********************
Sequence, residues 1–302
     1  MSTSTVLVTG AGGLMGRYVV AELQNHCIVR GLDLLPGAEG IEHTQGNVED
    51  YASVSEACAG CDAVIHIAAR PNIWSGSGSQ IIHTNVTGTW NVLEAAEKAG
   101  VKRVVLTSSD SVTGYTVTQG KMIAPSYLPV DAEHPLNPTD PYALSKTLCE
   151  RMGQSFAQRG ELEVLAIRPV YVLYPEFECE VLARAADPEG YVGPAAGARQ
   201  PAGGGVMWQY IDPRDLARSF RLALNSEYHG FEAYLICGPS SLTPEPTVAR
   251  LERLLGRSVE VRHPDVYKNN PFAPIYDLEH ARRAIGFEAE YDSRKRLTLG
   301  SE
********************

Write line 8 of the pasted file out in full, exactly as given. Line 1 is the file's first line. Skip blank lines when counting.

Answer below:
   301  SE